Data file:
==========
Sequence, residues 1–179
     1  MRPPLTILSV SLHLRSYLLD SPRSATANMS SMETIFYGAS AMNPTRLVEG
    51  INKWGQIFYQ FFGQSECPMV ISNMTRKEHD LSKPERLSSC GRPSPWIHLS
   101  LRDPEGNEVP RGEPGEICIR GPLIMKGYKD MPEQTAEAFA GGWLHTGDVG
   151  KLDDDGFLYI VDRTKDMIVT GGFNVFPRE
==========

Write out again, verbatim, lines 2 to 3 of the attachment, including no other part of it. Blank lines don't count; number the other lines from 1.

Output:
     1  MRPPLTILSV SLHLRSYLLD SPRSATANMS SMETIFYGAS AMNPTRLVEG
    51  INKWGQIFYQ FFGQSECPMV ISNMTRKEHD LSKPERLSSC GRPSPWIHLS